Are you a Subaru owner who is experiencing issues with your engine? You may be able to diagnose the problem yourself by checking your engine codes. Engine codes are a set of numbers and letters that are used to identify specific issues with your car engine. In this article, we will guide you through the process of checking your Subaru engine codes and help you understand what they mean.
What Are Engine Codes and Why Are They Important?
Engine codes, also known as diagnostic trouble codes (DTCs), are used to identify issues with your car engine that may not be immediately apparent. When a problem is detected by your car’s on-board diagnostic system, it will trigger an illuminated check engine light and generate a unique set of DTCs. By checking these codes, you can get an idea of what is causing the problem and potentially save money on costly repairs by doing the work yourself.
How to Access Subaru Engine Codes
To access your Subaru engine codes, you will need an OBD-II scanner. OBD-II stands for "on-board diagnostics, version two" and is a standard system used by all cars built after 1996. An OBD-II scanner is a tool that connects to your car’s on-board diagnostic system and reads the engine codes stored in the system’s memory.
Locate the OBD-II port – The OBD-II port is usually located under the driver’s side dashboard. It may be hidden behind a panel, so consult your car’s manual if you can’t find it.
Plug in the OBD-II scanner – Plug the scanner into the OBD-II port and turn on your car’s ignition. The scanner should power on automatically.
Retrieve the codes – Follow the manufacturer’s instructions for retrieving the codes from your car’s on-board diagnostic system. This usually involves pressing a button on the scanner or scrolling through a menu on the screen.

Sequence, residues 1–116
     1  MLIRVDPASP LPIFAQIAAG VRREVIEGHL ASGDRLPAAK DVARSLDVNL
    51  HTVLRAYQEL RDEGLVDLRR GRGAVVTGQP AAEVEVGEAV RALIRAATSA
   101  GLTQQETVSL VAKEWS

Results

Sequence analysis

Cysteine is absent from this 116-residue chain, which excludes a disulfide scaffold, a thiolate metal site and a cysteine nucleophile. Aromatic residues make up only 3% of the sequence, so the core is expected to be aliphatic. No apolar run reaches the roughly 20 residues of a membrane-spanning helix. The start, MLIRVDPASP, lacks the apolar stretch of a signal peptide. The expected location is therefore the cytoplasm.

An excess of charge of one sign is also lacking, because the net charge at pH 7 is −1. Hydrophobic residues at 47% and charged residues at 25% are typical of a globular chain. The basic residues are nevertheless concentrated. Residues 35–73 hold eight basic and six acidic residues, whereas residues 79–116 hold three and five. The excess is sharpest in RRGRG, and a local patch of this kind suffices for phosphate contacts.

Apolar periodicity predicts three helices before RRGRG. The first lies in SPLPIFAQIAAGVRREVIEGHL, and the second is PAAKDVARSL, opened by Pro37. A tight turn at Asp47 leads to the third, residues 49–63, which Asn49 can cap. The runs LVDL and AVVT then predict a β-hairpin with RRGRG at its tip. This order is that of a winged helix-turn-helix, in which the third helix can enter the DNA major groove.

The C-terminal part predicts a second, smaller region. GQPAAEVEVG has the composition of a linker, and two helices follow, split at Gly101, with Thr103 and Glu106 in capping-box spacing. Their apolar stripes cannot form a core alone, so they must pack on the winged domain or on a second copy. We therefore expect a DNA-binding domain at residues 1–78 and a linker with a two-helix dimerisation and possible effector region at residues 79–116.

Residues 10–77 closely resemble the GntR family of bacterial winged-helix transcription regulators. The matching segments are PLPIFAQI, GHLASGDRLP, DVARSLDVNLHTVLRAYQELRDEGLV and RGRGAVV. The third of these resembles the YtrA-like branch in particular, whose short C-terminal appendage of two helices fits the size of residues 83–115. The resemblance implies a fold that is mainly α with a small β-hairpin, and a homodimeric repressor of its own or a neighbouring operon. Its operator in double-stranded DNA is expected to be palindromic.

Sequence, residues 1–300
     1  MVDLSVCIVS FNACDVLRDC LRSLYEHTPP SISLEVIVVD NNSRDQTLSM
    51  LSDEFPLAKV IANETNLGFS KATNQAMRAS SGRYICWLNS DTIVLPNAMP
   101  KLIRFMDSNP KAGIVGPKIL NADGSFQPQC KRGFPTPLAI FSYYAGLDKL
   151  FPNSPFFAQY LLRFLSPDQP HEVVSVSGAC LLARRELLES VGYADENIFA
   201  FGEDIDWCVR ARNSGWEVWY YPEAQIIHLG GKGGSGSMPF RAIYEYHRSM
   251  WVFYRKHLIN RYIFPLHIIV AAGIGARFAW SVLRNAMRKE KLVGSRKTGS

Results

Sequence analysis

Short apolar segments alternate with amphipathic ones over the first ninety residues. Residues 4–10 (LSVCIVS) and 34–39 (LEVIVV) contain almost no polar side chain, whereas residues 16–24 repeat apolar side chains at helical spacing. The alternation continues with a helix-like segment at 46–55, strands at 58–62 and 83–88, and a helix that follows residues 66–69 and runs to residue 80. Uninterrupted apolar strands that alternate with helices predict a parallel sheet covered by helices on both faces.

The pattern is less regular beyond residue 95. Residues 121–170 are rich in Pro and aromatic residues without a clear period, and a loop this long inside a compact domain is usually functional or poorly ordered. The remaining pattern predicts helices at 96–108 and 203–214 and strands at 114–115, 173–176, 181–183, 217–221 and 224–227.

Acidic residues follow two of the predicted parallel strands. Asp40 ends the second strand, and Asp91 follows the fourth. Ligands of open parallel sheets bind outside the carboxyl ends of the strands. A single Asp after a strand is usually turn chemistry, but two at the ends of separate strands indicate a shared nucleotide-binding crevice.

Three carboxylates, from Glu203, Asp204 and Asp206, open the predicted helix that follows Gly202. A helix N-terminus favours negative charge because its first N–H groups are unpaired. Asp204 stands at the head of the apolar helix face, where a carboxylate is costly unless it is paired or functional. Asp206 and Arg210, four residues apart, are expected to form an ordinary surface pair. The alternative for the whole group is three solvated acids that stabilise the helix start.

What Each Subaru Engine Code Means
Once you have retrieved your Subaru engine codes, you will need to interpret what they mean. There are hundreds of possible engine codes, but some of the most common ones that Subaru owners may encounter include:
- P0031/P0032 – Oxygen Sensor Heater Control Circuit Low/High Voltage
- P0101 – Mass or Volume Air Flow Circuit Range/Performance Problem
- P0113/P0118 – Intake Air Temperature Circuit High Input/Low Input
- P0171/P0174 – System Too Lean (Bank 1/Bank 2)
- P0300 – Random/Multiple Cylinder Misfire Detected
- P0420 – Catalyst System Efficiency Below Threshold
Each code contains a specific set of numbers and letters that correspond to a particular issue with your car engine. You can find a comprehensive list of Subaru engine codes online, along with detailed explanations of what each code means.
How to Clear Subaru Engine Codes
If you have fixed the issue that was causing your engine code, you will need to clear the code from your car’s on-board diagnostic system. This will turn off the check engine light and prevent the code from reappearing.
Use the OBD-II scanner – Follow the manufacturer’s instructions for clearing engine codes from your car’s on-board diagnostic system. This usually involves scrolling through a menu on the scanner and selecting "clear codes."
Disconnect the battery – Another way to clear engine codes is to disconnect the battery from your car for at least 30 minutes. This will reset the on-board diagnostic system and clear any codes that were stored in memory.
DIY Solutions for Addressing Subaru Engine Codes
Depending on the specific issue that is causing your Subaru engine code, there may be some DIY solutions that you can try before taking your car to a mechanic. Some common issues that can trigger engine codes in Subarus include:
- Bad spark plugs or ignition coils
- Dirty air filter
- Clogged fuel injectors
- Loose or damaged hoses
By addressing these issues yourself, you may be able to save money on expensive repairs and keep your Subaru running smoothly.
Q: Can I check my Subaru engine codes without an OBD-II scanner?
A: No, an OBD-II scanner is required to access your car’s on-board diagnostic system and retrieve engine codes.
Q: What should I do if my Subaru engine code keeps reappearing after I clear it?
A: If your engine code keeps reappearing after you have cleared it, there may still be an underlying issue with your car engine. Take your car to a mechanic for a professional diagnosis and repair.
Q: Is it safe to continue driving my Subaru if the check engine light is on?
A: It is generally safe to continue driving your car with the check engine light on, but it is recommended that you address the issue as soon as possible to prevent any further damage to your car’s engine.
In conclusion, checking your Subaru engine codes can be a useful tool in diagnosing engine issues, potentially saving you money on costly repairs. By following the steps outlined in this article, you can access and interpret your engine codes, clear the codes if necessary, and potentially address the issue yourself. Remember to always exercise caution when working on your car engine, and seek the help of a professional mechanic if you are unsure of how to proceed.